Now this is not get an older slide but i just show it to you to give you where the idea of these rational combinations has been built over a many years of hard work in the space of novel drugs for myeloma and this is from a few years ago from a clinical cancer research review where we schematically hypothesized that you had a rationale for putting together varieties of novel drugs and  as you can see in that context we now have third generation immunomodulatory drugs. We have of course next generation proteasome inhibitors including cough ulcemic and also exacerbate and most importantly we now have monoclonal antibodies. So as we think about combination strategies I think this illustrates very well how we might then rationally try to put together new mechanisms action particularly in heavily pre-treated patients.

Now we have multiple options now available and the critical thing is that they have different mechanisms of action. I’m sorry that this doesn’t project terribly well but what I’ve illustrated here obviously is Selinexor in the key position but also balance mathem here and also in the same context isotaximab and elotuzumab. But in any event you can see now that we’re in a position with 12 normal drugs that we can think rationally about different mechanisms of action to augment the outcome.

Now in terms of thinking more about XPO1 and the novel mechanism action of Selinexor I think it’s well worth sharing some of this information high XPO1 levels are clearly correlated with poor prognosis for our patients. And in that regard strategies aimed at targeting this pathway may be therefore of particular importance.

Now we’ve already heard very nicely about mechanism action but just a few endpoints of emphasis to bring out in terms of inhibition of XPO1 it’s critical to understand that XPO1 overexpression enables the cancer cell to escape tumor suppressors and actually in that context escape pathways for induction of apoptosis and this clearly as i mentioned correlates not only with poor prognosis but clearly underpins drug resistance. And then in terms of inhibition the inhibition of XPO1 classically impacts tumor cells by what we think are three core mechanisms obviously increasing the nuclear levels and activation of tumor-suppressed proteins. A critical construct in myeloma but I think what’s also very important that it traps the oncoprotein messenger rna in the nucleus leading to reduced oncoprotein levels so that whole mutagenic thrust that I tried to emphasize and show you earlier is suppressed by this mechanism and in that same context there’s the retention of the activated corticoid receptor in the nucleus which is why you heard so nicely from sundar about the combination of Selinexor with steroids was particularly important actually because this mechanism may be particularly relevant in that setting. I think what’s particularly attractive as well is as you think about these particular tumor suppressor proteins that are relevant in myeloma. There is the classical pathways of nf kappa b signaling and c mic that may be modulated through this mechanism so that underscores certain pivotal drugs we use. Either immunomodulatory drugs on the one hand and proteome inhibitors on the other so it’s actually no surprise then that there’s synergistic activity in combination with potassium pomalidomide and lenolidomide and we see this not only in vitro but in vivo. As I’ve mentioned already there’s this signaling pathway from dexamethasone that’s very relevant now I think one other key point to bring out here is also evidence that’s emerging about what i consider one of the most vulnerable populations we have: those with 17p deletion and clearly we have a lot of pre-clinical information that supports the notion that Selinexor and the inhibition of XPO1 may be vital in going after that particular mechanism.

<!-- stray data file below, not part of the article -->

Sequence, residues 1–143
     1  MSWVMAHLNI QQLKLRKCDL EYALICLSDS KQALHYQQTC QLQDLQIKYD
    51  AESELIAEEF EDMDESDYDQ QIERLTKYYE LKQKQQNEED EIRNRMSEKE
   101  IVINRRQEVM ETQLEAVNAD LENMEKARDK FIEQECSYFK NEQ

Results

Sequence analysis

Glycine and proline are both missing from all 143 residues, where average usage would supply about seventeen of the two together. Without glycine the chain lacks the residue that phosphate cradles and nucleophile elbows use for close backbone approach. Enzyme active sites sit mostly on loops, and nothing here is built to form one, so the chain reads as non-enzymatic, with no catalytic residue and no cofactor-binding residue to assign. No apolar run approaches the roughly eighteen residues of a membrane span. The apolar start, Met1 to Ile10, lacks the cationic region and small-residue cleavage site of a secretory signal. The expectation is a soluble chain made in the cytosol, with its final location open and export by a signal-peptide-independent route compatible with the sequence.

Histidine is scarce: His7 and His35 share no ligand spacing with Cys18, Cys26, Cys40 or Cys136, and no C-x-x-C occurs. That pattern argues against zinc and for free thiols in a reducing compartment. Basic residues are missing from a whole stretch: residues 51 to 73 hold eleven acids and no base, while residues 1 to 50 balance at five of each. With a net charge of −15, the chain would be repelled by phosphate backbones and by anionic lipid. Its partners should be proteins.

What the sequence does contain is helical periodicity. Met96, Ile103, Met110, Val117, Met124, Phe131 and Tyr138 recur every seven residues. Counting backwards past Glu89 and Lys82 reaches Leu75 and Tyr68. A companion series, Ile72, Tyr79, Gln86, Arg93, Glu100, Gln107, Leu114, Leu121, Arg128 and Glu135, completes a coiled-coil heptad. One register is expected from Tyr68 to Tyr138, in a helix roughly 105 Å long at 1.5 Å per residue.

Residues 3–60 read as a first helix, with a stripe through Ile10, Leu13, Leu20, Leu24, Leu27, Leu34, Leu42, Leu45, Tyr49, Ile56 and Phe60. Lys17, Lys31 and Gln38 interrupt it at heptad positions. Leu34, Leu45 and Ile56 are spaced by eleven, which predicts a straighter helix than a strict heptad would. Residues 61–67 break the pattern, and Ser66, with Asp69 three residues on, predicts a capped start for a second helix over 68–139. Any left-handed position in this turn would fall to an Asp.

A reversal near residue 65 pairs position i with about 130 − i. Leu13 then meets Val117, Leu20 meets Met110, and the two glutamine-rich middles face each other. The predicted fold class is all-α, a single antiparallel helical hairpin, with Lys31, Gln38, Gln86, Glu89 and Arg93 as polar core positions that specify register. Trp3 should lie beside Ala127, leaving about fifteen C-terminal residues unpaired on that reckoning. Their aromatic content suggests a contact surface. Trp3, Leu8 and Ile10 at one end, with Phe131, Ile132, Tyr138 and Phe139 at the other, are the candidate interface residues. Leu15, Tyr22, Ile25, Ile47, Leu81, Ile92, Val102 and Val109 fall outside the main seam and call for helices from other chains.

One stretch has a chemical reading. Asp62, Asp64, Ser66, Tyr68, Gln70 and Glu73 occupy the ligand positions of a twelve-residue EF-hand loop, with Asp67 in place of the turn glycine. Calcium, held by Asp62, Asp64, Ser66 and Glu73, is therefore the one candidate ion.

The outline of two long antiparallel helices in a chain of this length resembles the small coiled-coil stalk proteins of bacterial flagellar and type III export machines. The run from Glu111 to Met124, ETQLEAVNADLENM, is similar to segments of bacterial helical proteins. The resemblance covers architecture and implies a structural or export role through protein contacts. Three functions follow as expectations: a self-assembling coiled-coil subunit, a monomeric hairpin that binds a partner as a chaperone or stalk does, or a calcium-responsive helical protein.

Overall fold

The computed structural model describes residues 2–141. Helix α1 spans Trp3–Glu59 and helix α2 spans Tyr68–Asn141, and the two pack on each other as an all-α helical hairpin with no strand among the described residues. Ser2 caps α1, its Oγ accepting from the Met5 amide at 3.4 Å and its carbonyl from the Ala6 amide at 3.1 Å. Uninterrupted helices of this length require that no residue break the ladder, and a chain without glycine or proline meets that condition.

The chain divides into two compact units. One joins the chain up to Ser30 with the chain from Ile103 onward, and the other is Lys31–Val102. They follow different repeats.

Now in terms of XP1 and inhibitors in combination with image leading to reduce tumor growth I just want to show you some preclinical information from a variety of colleagues. This is having very nice for clinical data in mm-1s cell lines where you can see obviously the impact of vehicle none and in that same context you can see that there is clear synergy when you combine saline xl with lenolidomide. So there’s an effect from Seli alone. There’s an impressive effect from lenolidomide alone put the two together and it’s even better.